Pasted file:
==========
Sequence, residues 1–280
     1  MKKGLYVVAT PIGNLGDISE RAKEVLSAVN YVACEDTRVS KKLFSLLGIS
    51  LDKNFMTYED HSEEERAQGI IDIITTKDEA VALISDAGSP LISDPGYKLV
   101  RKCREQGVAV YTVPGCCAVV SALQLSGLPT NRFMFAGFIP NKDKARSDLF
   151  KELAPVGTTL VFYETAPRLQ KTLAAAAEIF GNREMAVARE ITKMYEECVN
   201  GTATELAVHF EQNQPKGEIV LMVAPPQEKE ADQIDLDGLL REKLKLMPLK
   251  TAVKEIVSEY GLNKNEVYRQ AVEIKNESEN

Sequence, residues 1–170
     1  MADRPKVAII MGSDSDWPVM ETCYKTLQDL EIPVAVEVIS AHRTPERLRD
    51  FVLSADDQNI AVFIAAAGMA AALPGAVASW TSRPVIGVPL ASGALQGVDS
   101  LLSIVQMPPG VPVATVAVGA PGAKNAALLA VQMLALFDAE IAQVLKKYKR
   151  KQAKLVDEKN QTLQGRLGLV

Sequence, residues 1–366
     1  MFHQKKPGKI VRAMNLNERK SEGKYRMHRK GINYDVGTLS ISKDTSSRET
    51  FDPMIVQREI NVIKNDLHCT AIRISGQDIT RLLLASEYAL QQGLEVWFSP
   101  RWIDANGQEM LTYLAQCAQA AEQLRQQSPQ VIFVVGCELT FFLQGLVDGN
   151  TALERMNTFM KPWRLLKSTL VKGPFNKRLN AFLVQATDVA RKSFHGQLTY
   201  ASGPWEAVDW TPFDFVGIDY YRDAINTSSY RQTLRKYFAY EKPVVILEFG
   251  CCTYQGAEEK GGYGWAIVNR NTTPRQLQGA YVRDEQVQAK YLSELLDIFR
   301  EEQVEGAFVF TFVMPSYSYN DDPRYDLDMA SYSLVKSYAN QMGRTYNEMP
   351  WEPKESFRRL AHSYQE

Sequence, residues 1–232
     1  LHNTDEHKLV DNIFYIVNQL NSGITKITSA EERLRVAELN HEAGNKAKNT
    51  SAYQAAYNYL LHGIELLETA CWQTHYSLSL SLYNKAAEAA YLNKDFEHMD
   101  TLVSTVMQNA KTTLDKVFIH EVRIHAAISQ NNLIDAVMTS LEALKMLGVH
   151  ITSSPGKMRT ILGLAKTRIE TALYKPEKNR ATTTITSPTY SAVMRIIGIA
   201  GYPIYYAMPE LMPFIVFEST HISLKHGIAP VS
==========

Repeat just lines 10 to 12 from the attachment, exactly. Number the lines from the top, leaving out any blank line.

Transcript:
    51  FVLSADDQNI AVFIAAAGMA AALPGAVASW TSRPVIGVPL ASGALQGVDS
   101  LLSIVQMPPG VPVATVAVGA PGAKNAALLA VQMLALFDAE IAQVLKKYKR
   151  KQAKLVDEKN QTLQGRLGLV